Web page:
by Iain Ballantyne
An old naval wreck destined for the breaker’s yard. After 50 years in commission, surely time to pay off the Bond movie series, what with younger action heroes, such as Bourne aspiring for the crown of ultimate spy?
In the latest (23rd) instalment since 1962, a bruised and battered – some would say washed up – Commander James Bond (Daniel Craig) sits in the National Gallery in central London, scrutinising another old naval warhorse.
A spotty-faced, bespectacled young man sits down beside Bond to also study J.M.W. Turner’s 1838 masterpiece, ‘The “Fighting Temeraire” tugged to her last Berth to be broken up’.
‘Always makes me feel a little melancholy,’ remarks the young man, ‘a grand old warship being ignominiously hauled away for scrap.’ He asks Bond directly: ‘The inevitability of time, don’t you think? What do you see?’
Irritated by his unwelcome companion, 007 growls: ‘A bloody big ship.’
He gets up to leave but then the youngster introduces himself. It is the new Q – the British secret service’s quartermaster, played by Ben Whishaw – there to provide Bond with a gun and a gadget.
They spar about whether or not age is a guarantee of efficiency or youth guarantees innovation. ‘So,’ asks Bond, ‘why do you need me?’ Q states that it is because every now and again a trigger has to be pulled. ‘Or not pulled,’ remarks Bond. That James Bond has endured (played since 2006 with new vigour by Daniel Craig) is an incredible testament to the brand. Bourne fell by the wayside years ago. The same could be said of the Senior Service.
Like Bond there are those who suggest the Navy is outmoded and should be taken away for scrap – who needs warships, submarines, missiles and carrier aircraft (and the people who operate them) in this modern Internet-era? As Bond remarks – and ‘Skyfall’ suggests – sometimes the traditional old-style solutions to the world’s problems are necessary.
Sometimes only a ‘bloody big ship’ (or Cdr James Bond) will do. Which explains why Britain is building two new super-carriers and nuclear-powered attack submarines. And that is why the Royal Navy still trains young men and women to go overseas and deliver destruction to enemies and succour to friends in need. Bond is the same, especially so in ‘Skyfall’, at one stage presumed dead but coming back to life.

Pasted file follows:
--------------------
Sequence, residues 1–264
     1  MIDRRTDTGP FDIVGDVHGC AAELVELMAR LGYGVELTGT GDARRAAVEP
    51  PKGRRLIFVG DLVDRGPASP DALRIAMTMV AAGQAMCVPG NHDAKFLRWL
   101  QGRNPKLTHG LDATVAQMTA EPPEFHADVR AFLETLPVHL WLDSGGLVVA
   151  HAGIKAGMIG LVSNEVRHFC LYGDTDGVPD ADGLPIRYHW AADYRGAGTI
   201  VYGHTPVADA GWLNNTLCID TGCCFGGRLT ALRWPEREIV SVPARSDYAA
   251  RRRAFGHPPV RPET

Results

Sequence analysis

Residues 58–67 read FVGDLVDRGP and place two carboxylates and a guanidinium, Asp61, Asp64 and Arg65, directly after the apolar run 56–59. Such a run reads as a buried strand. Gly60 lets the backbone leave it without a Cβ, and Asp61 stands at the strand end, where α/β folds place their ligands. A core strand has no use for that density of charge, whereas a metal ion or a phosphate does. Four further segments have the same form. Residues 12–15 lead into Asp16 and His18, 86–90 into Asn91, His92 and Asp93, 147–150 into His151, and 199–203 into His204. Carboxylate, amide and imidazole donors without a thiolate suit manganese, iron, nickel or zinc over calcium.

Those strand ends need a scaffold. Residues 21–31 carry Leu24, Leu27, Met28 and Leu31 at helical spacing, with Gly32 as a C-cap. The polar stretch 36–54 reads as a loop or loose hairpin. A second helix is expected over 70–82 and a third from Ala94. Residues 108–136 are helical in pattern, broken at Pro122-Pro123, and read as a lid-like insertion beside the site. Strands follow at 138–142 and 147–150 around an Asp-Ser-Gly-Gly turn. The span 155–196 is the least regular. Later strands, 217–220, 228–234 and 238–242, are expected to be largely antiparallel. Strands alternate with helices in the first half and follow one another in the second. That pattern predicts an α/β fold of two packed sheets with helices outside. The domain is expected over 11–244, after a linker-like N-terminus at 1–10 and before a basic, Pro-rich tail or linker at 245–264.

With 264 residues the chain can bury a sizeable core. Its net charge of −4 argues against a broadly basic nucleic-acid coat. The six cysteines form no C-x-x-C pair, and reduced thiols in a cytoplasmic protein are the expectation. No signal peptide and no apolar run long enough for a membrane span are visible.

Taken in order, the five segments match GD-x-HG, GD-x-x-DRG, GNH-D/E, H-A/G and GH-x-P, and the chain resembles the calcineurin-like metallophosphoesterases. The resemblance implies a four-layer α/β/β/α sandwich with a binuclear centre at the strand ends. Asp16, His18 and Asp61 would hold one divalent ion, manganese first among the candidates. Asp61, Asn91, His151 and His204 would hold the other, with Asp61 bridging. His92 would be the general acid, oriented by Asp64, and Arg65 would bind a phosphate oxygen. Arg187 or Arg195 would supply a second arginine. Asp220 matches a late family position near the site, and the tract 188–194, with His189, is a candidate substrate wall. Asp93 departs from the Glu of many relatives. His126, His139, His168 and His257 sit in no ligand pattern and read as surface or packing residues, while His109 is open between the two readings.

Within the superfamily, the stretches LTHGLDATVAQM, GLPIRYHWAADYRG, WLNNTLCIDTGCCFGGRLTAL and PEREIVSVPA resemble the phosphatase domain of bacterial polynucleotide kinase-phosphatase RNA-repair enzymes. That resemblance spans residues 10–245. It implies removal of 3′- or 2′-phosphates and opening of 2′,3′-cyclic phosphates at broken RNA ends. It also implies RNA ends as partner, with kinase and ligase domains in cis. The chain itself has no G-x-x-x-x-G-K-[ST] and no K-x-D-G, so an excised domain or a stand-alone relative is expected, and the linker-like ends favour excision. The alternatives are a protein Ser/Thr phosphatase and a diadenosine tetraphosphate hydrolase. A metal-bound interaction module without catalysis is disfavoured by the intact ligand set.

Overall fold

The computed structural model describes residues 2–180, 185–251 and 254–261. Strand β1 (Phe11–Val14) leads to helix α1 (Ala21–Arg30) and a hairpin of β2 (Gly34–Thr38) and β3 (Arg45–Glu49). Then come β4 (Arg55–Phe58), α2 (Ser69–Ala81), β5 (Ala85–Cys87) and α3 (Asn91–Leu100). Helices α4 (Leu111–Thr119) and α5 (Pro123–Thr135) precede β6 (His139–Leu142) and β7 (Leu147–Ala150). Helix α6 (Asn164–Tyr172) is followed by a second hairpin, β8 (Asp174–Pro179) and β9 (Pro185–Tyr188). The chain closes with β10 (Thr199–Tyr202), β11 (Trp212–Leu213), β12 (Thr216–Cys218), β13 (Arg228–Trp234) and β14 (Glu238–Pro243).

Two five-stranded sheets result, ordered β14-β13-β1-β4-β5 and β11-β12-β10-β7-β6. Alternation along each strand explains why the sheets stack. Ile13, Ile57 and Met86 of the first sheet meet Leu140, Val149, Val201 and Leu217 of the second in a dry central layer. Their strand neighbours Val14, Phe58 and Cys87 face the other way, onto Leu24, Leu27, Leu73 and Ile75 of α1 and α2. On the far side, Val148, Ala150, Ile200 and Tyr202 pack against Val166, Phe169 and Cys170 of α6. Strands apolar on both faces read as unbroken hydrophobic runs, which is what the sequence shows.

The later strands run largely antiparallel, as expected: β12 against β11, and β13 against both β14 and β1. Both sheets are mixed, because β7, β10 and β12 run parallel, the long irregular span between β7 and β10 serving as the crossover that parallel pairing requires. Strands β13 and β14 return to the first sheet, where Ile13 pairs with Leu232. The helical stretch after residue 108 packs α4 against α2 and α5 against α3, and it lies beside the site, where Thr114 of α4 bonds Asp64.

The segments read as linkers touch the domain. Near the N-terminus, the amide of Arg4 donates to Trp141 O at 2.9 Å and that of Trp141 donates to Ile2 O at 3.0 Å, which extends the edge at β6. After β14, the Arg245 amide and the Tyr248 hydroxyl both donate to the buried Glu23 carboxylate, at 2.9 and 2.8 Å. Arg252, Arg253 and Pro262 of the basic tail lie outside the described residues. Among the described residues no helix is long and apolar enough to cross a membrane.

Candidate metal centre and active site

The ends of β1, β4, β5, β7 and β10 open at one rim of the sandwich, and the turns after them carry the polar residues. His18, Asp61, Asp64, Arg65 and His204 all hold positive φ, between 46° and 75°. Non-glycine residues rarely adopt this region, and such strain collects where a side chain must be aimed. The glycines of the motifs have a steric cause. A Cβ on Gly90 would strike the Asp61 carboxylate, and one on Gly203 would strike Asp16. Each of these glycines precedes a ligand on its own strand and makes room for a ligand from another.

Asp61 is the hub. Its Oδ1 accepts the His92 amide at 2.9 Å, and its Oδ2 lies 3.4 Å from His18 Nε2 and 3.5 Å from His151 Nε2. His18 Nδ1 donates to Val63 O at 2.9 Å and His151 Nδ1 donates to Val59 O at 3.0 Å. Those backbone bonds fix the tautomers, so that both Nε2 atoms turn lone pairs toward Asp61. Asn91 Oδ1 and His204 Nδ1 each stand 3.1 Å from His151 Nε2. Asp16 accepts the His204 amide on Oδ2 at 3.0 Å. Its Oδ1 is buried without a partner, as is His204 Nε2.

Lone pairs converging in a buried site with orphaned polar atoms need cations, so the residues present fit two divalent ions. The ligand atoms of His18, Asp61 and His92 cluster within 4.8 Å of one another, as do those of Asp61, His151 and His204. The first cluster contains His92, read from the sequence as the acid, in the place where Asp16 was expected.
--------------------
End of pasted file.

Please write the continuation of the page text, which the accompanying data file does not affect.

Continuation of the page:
Just like the RN should never be written off neither should 007. After his presumed demise we peer over the shoulder of MI6 boss M (Judi Dench) as she writes the obituary of ‘Commander James Bond RN’ on her laptop. When the Bond series rebooted with ‘Casino Royale’ a new Service career history issued by the production company had Bond retired from the Navy, but in the Royal Naval Reserve (after service as a submarine officer and a special operations commando).
In 2012 Bond regains his regular Navy affiliation and when he gets in trouble this time around he whistles up three (ship-based) Fleet Air Arm Wildcat helicopters for a helping hand. Ian Fleming was of course, a naval officer in WW2, helping to oversee many outlandish and top secret operations against the enemy. It was all wonderful inspiration when he wrote the first James Bond novel ‘Casino Royale’ (published in 1953).
The movie series kicked off in 1962, with former Royal Navy rating Sean Connery playing Bond in ‘Dr No’ (actually the sixth in the novel series, published in 1958). The second movie, ‘From Russia With Love’ (released 1963) was based on the fifth in the novel series (published in 1957).
By that time Fleming was tiring of Bond – his health was not great and the strain of churning out a hit novel each year was telling. The sales of Bond books were also declining. However, things picked up again, and with the movie series sales remained buoyant and have been that way to this day. Fleming himself didn’t get to enjoy much of it, for he died in 1964.
The Royal Navy owes Fleming a real debt, for after Admiral Nelson, Commander James Bond is the most famous naval officer in history (albeit fictional).
In an era of Sea Blindness, having such a high profile ambassador for traditional – and effective – solutions to the world’s trickiest problems is a tonic for the Navy and the nation. And ‘Skyfall’ is enormously exciting, spectacular and the most British in terms of world outlook, cast, director (Sam Mendes) and settings ever. Bravo Zulu (navalese for ‘well done’).
In ‘Skyfall’ Cdr James Bond RN (Daniel Craig) contemplates the fate of the old wooden wall battleship Temeraire in Turner’s famous painting.
Bond ponders future missions on behalf of the UK. In the background is the Old Admiralty Building, one-time nerve centre of British global naval operations.
Photos: Francois Duhamel. Images ©2011 Danjaq, LLC, United Artists Corporation, Columbia Pictures Industries, Inc. All rights reserved.
• This article is to be published in the December 2012 edition of WARSHIPS IFR magazine (out November 16).
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